Jim Morrison, the frontman of The Doors, liked to style himself as the "Lizard King." But were he alive today, and lucid enough to pay attention, Morrison might be disappointed to learn that his name has been attached to a 20-pound, late Eocene lizard rather than a romping, stomping dinosaur. It's not quite clear why Barbaturex (Greek for "bearded king") was named after the usually beardless Morrison, but its announcement did generate copious headlines, which may have been the point in the first place.

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Maotherium (Mao Zhedong)

Maotherium (Wikimedia Commons).

If Maotherium had been discovered in the 1960's, rather than in 2003, you can bet that it would not have been named after the supreme leader of the People's Republic of China. Perhaps it's a sign of China's relative liberalization that this small, quivering Mesozoic mammal, which spent most of its life high up in the branches of trees, represents Mao Zhedong in the fossil record; or perhaps, like Obamadon (above), its discoverer simply wanted to pay tribute to a powerful leader without making too blunt of a political statement.

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Aegrotocatellus (Mick Jagger)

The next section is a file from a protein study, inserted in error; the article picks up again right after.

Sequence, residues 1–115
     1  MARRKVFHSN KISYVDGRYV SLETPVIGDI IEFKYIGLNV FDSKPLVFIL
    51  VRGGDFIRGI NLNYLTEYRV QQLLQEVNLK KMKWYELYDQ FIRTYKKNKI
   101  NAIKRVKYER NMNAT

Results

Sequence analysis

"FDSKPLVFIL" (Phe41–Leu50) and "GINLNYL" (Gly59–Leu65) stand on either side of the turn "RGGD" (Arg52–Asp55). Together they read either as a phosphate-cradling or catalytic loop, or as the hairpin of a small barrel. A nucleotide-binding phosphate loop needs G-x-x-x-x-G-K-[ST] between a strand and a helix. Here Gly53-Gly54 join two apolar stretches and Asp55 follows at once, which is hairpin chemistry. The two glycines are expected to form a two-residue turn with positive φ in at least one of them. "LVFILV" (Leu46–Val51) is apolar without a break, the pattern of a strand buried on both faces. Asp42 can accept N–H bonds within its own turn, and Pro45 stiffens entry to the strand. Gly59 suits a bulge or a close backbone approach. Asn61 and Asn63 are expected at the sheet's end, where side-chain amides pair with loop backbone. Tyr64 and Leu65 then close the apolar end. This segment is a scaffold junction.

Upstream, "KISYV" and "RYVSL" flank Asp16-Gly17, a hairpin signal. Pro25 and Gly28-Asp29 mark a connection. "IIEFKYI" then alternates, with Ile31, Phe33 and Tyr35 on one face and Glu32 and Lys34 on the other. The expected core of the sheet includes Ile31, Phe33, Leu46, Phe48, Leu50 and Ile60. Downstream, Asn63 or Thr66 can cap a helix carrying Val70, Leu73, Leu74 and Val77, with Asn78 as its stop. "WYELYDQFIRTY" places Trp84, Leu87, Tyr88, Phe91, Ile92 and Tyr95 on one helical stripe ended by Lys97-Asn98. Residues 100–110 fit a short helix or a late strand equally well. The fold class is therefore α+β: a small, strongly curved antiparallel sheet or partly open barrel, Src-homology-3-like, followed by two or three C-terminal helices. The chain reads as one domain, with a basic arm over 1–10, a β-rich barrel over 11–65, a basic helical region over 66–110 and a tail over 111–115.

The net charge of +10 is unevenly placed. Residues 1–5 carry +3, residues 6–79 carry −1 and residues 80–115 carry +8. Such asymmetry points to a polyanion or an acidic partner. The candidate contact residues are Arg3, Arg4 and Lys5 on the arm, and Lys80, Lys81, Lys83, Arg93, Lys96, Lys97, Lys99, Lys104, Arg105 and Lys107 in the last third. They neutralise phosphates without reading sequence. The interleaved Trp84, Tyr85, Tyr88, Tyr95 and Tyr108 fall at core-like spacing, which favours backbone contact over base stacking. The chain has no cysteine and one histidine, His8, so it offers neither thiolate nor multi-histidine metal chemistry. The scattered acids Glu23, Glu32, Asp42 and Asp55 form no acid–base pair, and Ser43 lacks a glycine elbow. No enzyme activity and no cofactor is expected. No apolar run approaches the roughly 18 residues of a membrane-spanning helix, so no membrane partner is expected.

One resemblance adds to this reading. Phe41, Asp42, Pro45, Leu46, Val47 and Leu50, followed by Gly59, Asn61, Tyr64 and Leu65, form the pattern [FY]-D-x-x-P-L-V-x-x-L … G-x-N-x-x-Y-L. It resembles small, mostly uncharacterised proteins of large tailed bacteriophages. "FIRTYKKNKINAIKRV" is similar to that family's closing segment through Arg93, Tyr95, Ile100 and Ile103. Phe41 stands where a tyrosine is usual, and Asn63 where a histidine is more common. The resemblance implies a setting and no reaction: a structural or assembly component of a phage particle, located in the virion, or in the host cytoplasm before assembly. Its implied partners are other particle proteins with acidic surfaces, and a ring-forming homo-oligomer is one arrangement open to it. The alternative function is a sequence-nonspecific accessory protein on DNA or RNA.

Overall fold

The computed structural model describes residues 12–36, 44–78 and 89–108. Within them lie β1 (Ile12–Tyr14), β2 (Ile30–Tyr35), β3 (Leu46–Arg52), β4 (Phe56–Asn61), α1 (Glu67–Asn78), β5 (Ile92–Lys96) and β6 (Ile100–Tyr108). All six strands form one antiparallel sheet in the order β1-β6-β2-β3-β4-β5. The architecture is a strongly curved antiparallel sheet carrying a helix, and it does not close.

A typical trilobite (Wikimedia Commons).

Never heard of the ancient trilobite Aegrotocatellus? Join the club. Have you heard, perhaps, of a moderately famous rock musician named Mick Jagger? Okay, you can stop nodding. As with many of the entries on this list, it's unclear if Aegrotocatellus jaggeri was erected as a joke (Jagger is so old, in rock-and-roll terms, that he might as well be a trilobite himself) or if the responsible paleontologist was simply a diehard Rolling Stones fan. A clue may lie in another species, A. nankerphelgeorum, after Nanker Phelge, a pseudonym the Stones use on tour.

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Sauroniops (Sauron, the Dark Wizard)

Sauroniops (Emiliano Troco).

Okay, maybe Sauron isn't really a genuine person, and you never do catch a glimpse of him in the Lord of the Rings trilogy (just that big, revolving eye on top of the fearsome tower). But it is kind of cool that there's a two-ton, middle Cretaceous dinosaur named Sauroniops, "Sauron's Eye," even if it's represented in the fossil record by a single skull fragment and nothing else. Does Frodo have a dinosaur named after him? Does Gandalf, or Aragorn? We rest our case.